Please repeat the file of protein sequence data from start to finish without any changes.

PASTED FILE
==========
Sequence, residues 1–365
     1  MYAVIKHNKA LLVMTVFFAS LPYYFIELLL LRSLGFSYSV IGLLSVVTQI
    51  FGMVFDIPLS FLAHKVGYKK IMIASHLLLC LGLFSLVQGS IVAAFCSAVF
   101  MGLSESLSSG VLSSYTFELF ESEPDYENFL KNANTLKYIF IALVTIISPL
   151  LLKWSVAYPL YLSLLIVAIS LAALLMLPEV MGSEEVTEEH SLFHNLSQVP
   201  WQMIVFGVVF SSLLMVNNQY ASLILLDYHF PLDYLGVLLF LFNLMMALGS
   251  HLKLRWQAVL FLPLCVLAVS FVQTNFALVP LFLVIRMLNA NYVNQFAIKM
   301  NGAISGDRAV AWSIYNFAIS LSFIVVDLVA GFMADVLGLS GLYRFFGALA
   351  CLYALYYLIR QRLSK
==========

Sequence, residues 1–365
     1  MYAVIKHNKA LLVMTVFFAS LPYYFIELLL LRSLGFSYSV IGLLSVVTQI
    51  FGMVFDIPLS FLAHKVGYKK IMIASHLLLC LGLFSLVQGS IVAAFCSAVF
   101  MGLSESLSSG VLSSYTFELF ESEPDYENFL KNANTLKYIF IALVTIISPL
   151  LLKWSVAYPL YLSLLIVAIS LAALLMLPEV MGSEEVTEEH SLFHNLSQVP
   201  WQMIVFGVVF SSLLMVNNQY ASLILLDYHF PLDYLGVLLF LFNLMMALGS
   251  HLKLRWQAVL FLPLCVLAVS FVQTNFALVP LFLVIRMLNA NYVNQFAIKM
   301  NGAISGDRAV AWSIYNFAIS LSFIVVDLVA GFMADVLGLS GLYRFFGALA
   351  CLYALYYLIR QRLSK